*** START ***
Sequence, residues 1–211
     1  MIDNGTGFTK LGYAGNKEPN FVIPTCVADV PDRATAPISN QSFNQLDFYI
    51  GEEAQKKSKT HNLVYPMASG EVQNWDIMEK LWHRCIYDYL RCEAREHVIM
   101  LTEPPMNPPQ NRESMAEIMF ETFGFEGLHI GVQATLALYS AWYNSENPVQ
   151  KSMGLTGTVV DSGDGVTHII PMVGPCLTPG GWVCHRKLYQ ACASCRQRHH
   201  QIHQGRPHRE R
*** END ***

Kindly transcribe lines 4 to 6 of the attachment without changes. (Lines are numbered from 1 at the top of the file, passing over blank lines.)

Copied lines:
   101  LTEPPMNPPQ NRESMAEIMF ETFGFEGLHI GVQATLALYS AWYNSENPVQ
   151  KSMGLTGTVV DSGDGVTHII PMVGPCLTPG GWVCHRKLYQ ACASCRQRHH
   201  QIHQGRPHRE R